Other classification systems for abnormal Pap tests

Abnormal Pap test results have been classified using different medical terms. In North America, abnormal cells are now classified according to their degree of abnormality using the Bethesda system (TBS). Other classification systems may still be used in other parts of the world.


Dysplasia is another term for abnormal cell changes on the surface of the cervix. One system of classification uses dysplasia to identify cell changes, which are classified as:

  • Mild: Cells may return to normal without treatment.
  • Moderate: Cells may return to normal but more commonly progress to a more serious condition.
  • Severe: Cell changes are severely abnormal but not yet cancerous.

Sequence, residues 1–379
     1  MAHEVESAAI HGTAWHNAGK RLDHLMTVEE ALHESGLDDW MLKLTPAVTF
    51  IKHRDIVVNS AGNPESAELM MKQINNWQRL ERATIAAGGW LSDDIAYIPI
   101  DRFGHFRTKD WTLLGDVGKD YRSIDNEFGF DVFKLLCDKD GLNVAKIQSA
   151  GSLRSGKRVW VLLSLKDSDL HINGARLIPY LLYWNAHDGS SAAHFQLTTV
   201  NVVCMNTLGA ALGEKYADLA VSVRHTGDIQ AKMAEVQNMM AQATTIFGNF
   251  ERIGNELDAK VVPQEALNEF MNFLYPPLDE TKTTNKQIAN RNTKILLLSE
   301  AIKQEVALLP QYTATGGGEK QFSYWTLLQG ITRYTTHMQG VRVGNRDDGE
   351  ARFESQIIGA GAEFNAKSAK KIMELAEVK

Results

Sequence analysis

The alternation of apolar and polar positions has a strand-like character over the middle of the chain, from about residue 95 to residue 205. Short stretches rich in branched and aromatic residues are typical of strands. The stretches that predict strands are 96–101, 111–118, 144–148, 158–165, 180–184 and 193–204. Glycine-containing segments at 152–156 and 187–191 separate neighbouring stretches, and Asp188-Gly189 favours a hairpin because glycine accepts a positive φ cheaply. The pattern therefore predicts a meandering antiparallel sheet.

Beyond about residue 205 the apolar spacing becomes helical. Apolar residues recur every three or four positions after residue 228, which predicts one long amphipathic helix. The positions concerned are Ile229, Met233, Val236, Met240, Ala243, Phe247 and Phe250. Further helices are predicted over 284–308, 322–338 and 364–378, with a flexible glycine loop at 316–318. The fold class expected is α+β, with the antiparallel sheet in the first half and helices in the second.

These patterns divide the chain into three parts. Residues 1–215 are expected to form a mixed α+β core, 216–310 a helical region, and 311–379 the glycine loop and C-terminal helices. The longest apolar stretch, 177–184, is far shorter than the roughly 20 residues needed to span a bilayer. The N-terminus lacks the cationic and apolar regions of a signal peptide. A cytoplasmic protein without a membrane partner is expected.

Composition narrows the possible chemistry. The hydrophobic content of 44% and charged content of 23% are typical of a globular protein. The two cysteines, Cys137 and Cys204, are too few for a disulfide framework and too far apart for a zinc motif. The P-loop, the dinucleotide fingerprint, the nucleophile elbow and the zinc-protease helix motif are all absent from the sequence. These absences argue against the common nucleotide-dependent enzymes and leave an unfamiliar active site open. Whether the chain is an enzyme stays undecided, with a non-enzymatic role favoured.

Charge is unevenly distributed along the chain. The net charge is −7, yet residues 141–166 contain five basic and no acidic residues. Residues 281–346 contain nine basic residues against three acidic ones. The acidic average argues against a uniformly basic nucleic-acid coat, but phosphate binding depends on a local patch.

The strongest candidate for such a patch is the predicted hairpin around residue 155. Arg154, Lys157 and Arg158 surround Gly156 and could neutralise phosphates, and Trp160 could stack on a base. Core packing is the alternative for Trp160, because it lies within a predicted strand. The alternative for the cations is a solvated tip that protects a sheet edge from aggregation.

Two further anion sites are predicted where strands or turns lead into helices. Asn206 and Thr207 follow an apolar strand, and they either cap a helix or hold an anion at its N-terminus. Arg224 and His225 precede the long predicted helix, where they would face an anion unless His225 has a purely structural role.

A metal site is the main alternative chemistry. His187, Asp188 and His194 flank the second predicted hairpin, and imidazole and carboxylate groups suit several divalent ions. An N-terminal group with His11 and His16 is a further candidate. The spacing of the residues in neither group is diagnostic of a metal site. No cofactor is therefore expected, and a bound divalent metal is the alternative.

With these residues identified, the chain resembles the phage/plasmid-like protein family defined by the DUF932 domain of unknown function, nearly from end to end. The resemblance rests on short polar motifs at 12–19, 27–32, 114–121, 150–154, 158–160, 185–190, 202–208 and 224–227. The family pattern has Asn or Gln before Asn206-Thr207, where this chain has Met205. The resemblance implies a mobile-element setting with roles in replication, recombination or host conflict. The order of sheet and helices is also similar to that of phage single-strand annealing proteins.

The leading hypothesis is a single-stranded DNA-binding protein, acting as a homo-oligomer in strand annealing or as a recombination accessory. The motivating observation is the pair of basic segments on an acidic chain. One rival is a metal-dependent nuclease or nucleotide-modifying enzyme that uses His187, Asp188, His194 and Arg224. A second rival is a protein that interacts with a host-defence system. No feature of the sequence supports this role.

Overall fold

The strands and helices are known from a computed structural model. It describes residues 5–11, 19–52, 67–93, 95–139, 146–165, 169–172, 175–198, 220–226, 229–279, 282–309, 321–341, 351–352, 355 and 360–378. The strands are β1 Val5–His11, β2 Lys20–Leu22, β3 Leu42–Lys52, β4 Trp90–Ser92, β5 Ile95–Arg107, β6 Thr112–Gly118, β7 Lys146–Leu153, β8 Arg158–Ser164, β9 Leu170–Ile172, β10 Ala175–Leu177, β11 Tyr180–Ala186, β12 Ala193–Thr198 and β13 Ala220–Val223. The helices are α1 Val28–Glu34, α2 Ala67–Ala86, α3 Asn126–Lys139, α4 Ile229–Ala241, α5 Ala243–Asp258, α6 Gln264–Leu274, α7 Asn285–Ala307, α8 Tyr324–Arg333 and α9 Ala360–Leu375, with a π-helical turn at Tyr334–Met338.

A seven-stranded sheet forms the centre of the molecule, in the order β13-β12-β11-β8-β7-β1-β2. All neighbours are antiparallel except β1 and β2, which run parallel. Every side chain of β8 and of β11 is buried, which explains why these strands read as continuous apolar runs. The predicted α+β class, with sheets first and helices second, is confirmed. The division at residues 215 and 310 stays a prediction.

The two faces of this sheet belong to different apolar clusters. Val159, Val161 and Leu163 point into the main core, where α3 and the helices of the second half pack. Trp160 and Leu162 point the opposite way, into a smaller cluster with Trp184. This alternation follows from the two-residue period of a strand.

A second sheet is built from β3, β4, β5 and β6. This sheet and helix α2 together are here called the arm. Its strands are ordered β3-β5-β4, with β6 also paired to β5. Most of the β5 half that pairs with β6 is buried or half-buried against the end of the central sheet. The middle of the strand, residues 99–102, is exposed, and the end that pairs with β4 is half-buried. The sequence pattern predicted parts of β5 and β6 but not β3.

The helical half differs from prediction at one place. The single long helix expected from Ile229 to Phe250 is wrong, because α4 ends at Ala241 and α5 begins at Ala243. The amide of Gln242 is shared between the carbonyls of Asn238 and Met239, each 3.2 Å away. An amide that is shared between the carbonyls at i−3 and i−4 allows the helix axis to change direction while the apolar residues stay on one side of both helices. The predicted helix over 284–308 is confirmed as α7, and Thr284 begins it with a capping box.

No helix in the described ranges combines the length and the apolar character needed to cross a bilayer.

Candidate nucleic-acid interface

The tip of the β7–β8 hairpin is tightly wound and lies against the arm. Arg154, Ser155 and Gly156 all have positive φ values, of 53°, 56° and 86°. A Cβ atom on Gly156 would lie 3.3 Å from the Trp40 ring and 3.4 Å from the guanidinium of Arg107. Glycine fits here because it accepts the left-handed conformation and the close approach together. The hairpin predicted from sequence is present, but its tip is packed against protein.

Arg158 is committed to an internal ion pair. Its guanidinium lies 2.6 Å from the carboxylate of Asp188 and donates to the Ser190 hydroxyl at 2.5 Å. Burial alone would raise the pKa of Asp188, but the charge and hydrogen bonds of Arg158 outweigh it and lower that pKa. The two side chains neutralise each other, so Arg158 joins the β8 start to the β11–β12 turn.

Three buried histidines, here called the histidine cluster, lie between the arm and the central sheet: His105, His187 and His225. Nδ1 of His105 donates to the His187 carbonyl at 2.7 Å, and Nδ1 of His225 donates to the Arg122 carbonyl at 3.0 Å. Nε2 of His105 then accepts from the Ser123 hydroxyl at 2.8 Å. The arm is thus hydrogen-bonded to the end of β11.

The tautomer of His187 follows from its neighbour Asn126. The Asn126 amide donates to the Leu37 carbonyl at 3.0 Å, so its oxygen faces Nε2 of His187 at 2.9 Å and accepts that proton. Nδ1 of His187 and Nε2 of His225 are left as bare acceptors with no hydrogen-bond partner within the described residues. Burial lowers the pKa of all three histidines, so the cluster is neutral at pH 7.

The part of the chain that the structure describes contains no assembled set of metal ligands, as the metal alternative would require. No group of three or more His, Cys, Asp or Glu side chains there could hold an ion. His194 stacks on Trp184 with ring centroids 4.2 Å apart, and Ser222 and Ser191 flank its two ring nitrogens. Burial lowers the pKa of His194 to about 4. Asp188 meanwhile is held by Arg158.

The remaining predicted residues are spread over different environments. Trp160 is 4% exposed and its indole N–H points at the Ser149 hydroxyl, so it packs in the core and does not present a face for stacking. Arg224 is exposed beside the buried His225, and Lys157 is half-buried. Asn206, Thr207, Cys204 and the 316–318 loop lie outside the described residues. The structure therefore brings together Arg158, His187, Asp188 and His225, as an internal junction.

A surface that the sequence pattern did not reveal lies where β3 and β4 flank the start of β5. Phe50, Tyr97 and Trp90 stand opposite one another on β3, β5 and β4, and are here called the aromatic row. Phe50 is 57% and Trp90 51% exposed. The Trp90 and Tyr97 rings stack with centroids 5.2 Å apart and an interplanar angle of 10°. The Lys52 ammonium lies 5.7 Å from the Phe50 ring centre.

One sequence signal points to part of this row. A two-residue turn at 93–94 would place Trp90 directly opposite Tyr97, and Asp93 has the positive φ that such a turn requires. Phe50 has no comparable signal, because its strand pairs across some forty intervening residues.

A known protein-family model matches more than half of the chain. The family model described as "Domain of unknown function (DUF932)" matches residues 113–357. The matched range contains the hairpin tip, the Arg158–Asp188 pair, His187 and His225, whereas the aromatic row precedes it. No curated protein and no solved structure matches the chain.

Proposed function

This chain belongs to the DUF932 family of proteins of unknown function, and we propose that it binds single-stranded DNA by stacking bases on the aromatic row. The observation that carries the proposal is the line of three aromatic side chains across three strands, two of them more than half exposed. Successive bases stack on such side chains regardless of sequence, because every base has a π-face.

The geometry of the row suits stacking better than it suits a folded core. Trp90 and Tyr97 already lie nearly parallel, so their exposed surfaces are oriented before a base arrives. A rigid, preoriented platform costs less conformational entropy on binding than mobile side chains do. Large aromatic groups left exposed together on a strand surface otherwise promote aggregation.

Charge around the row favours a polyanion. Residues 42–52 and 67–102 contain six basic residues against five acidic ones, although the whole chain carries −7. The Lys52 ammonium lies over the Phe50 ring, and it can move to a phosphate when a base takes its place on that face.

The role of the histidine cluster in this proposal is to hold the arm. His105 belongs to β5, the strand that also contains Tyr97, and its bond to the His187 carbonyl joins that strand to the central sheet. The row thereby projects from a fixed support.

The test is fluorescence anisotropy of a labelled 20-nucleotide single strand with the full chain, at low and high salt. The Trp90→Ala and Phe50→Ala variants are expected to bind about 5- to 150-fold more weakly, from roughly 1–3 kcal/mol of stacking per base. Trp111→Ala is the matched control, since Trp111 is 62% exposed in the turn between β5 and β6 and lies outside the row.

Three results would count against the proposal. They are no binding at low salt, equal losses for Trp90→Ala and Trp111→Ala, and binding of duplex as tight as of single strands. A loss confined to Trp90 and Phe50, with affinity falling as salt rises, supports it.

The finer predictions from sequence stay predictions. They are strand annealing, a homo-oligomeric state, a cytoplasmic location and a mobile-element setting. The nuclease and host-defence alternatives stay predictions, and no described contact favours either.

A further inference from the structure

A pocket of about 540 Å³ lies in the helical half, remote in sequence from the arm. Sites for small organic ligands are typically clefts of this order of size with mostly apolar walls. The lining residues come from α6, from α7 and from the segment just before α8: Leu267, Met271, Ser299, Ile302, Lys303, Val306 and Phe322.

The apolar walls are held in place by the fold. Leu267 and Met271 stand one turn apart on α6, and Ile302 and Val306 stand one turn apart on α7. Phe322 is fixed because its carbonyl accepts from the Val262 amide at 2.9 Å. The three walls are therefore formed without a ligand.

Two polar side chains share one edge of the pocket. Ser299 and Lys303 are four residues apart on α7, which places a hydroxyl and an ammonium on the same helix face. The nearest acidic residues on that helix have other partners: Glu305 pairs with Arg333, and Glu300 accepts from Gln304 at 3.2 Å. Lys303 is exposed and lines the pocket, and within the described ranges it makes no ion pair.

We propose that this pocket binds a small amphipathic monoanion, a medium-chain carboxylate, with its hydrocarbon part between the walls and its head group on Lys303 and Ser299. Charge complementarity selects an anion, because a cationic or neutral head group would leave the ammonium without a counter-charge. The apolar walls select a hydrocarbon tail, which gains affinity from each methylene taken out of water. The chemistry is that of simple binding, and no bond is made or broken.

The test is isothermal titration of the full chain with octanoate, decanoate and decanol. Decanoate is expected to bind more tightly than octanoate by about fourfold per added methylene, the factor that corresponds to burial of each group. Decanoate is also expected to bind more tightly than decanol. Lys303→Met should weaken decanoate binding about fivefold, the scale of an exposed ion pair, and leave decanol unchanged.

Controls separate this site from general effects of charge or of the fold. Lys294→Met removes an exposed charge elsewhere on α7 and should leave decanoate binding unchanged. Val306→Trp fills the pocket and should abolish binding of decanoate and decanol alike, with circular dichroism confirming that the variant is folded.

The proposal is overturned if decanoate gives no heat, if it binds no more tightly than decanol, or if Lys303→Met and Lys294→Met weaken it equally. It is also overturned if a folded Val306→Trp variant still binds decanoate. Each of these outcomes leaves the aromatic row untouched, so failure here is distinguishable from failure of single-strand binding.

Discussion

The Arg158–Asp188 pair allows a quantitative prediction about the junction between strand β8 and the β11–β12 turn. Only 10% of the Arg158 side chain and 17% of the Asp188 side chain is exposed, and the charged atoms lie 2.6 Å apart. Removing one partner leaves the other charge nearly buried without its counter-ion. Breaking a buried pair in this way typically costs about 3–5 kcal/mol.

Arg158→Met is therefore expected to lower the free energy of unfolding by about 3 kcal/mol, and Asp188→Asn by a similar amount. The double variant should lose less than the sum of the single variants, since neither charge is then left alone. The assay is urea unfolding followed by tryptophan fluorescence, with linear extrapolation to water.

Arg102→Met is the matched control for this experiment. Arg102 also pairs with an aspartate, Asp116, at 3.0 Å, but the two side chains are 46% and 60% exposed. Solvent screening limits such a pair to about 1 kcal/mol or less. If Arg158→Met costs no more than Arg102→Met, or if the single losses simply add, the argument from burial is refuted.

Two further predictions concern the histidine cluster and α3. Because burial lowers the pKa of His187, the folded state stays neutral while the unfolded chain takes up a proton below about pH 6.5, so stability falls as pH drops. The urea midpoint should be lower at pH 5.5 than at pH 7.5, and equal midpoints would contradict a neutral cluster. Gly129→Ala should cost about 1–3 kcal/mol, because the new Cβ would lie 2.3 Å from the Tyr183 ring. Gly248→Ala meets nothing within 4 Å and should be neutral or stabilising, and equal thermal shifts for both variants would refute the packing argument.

All types of dysplasia require monitoring or treatment until repeat Pap tests are normal.

Cervical intraepithelial neoplasia (CIN)

Changes in cells on the surface of the cervix are known as cervical intraepithelial neoplasia (CIN).

  • CIN is not cancer. It is a condition in which cervical cells show some change and no longer look normal.
  • Untreated CIN may progress to cancer of the cervix.
  • The CIN system is very similar to the dysplasia classification system.

The CIN system classifies abnormal Pap tests and interprets biopsy results by number.

  • CIN 1: Cell changes are mildly abnormal.
  • CIN 2: Cell changes are moderately abnormal.
  • CIN 3: Cell changes are severely abnormal but not yet cancerous.

Last Updated: January 5, 2009

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